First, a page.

White Glove Experiences runs art walks around Parnell to discover creative locations, key attractions and street art. Photo / Provided
After studying fine arts in Sydney and Auckland, Jacqui Wilkinson began a career in advertising.
Then one day, having had enough of the long hours, she decided that if she had to work that hard, she would rather work for herself. His first tourism businesses, Adventure Capital and Fine Art Tours NZ, were launched before Covid. From the pandemic, White Glove Experiences was born.
I first interviewed you five years ago and Adventure Capital was really taking off…
Business was growing at a phenomenal rate. We were launching new products, including Rangitoto e-bike tours, and then Covid hit, and everything literally disappeared overnight. People who are not in tourism find it difficult to navigate, but when the borders closed, our market completely disappeared.
What proportion of your clientele was international?
Fine Art Tours was 100% international and Adventure Capital over 90%. So we tried to think of ways to focus on the domestic market, but it was all about numbers. Also, Adventure Capital was based in really urban environments strategically chosen for the international market, but the locals don’t visit those places, so we shut down completely to get rid of the overhead.
Have you thought about holding on until things normalize?
Tourism will never go back to what it was. The world is different and people will travel differently, but we’ll see how the next few months unfold.
How did you reinvent yourself?
There was no way for us to pivot, and when people were able to travel again, locals headed to classic tourism hotspots, like Northland and Bay of Plenty. Aucklanders flocked to the beaches, but no one came to Auckland. So we invented something completely new and White Glove Experiences was born.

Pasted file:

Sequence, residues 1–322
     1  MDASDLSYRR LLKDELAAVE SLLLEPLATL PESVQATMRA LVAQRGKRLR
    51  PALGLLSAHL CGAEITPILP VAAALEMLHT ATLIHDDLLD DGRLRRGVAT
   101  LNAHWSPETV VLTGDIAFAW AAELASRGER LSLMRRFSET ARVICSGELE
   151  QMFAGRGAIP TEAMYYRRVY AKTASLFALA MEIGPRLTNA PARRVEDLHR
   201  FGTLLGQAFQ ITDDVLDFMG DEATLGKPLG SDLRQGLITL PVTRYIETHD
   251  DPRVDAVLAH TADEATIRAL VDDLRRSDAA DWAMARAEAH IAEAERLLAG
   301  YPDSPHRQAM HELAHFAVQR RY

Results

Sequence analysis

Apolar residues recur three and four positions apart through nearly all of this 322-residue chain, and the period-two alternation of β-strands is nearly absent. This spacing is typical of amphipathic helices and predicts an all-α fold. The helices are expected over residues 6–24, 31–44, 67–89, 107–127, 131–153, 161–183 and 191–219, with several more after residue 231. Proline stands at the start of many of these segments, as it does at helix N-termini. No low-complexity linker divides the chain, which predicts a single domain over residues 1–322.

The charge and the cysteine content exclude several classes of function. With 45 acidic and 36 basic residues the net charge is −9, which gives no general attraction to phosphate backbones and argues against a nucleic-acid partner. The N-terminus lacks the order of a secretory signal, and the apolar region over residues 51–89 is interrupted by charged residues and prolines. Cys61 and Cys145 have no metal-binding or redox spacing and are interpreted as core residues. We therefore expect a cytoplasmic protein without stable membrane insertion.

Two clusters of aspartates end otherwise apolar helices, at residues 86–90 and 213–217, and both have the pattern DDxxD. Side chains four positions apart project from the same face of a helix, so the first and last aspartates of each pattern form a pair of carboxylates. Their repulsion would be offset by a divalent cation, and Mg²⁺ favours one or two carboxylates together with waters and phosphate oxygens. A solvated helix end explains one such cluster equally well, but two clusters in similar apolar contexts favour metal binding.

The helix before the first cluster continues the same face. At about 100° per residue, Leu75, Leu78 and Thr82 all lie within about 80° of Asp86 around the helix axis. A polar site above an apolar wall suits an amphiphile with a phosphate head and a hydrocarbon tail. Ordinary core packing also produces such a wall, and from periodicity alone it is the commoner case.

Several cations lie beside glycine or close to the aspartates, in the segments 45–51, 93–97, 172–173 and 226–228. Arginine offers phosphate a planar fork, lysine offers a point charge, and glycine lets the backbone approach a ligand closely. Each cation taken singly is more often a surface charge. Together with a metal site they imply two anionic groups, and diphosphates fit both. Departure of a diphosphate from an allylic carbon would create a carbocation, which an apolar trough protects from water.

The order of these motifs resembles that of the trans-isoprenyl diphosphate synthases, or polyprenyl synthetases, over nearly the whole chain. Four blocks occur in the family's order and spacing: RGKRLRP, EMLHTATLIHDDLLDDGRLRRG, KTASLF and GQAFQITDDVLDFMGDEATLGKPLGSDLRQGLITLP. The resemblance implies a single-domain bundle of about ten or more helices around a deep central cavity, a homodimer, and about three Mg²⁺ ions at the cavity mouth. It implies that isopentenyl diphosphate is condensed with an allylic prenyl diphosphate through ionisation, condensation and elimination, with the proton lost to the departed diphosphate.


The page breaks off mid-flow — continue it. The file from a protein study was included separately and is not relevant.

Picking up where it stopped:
How would you describe the concept?
We took a few things from Fine Art Tours NZ and used them to experience the domestic market. I tested some local events in October 2020, around arts and culture. Even though we didn’t have the money to market ourselves, people responded very positively and we got great word of mouth. We now have a growing database of locals supporting all of our events, including some amazing superfans.
What are events?
We open the art scene to everyone. We do things like day trips around West Auckland and show people the amazing art venues like the McCahon House, Te Uru Gallery in Titirangi and the Corban Estate Arts Center in Henderson. They are such gems, but many Aucklanders have never been there. We also organize art walks around Parnell and on Karangahape Rd, to discover creative places, key attractions and street art. These rides always sell out.
We held four community events in Howick, with the aim of showcasing an underrated neighborhood. Many people have heard of Howick, but have never been there. More than 100 people came. Most had never visited Howick before and in the end many participants said they would return with friends because it is such a cool place.
How do you see White Glove Experiences evolving?
It started as an experiment to see if locals would support what we’re doing, and they did, so we want to continue, build our database and offer more regular events and programs. We fill a unique niche, with our clients telling us they love how we’ve demystified the art scene.
Has art played a role in your personal recovery during this difficult time?
I studied fine art in college, majoring in printmaking and painting, so one good thing about the past two years is that I’ve resumed a regular art practice. I’m excited to exhibit. I did some group exhibitions this year and I also have some solo exhibitions.
I didn’t have time to paint when Adventure Capital was in full swing, so having time to paint has been wonderful, because being busy you can lose sight of your passions. My home office doubles as a studio, and over the lockdowns, painting has become my secret pleasure.
Did you have any other tips for staying in the sun?
I have been interested in personal development since I was a teenager. Before people talked about mindfulness, I had a routine of morning exercises, gratitude, and breathing. I call it my “up and go” routine.
Sounds like a good basis for an event.
I’ve actually teamed up with a trained science mindfulness facilitator and we’re planning a two-day event at Castaways on Karioitahi Beach, suitable for beginners and those with a bit of meditation experience. We also have another event at Castaways, a two day art workshop and we are planning overnight trips to Whangārei, to see the new Hundertwasser Art Centre.
What do you think of the future?
I don’t expect it to go back to how it was, but I feel good. International visitors are returning, domestic opportunities look solid, but the road to recovery is long. People have struggled, so it’s good to focus on nice things, and for me, that’s working on White Glove Experiences and doing my art.
White Glove Experiences offers small group events focused on art, culture and exploration. whiteglove.nz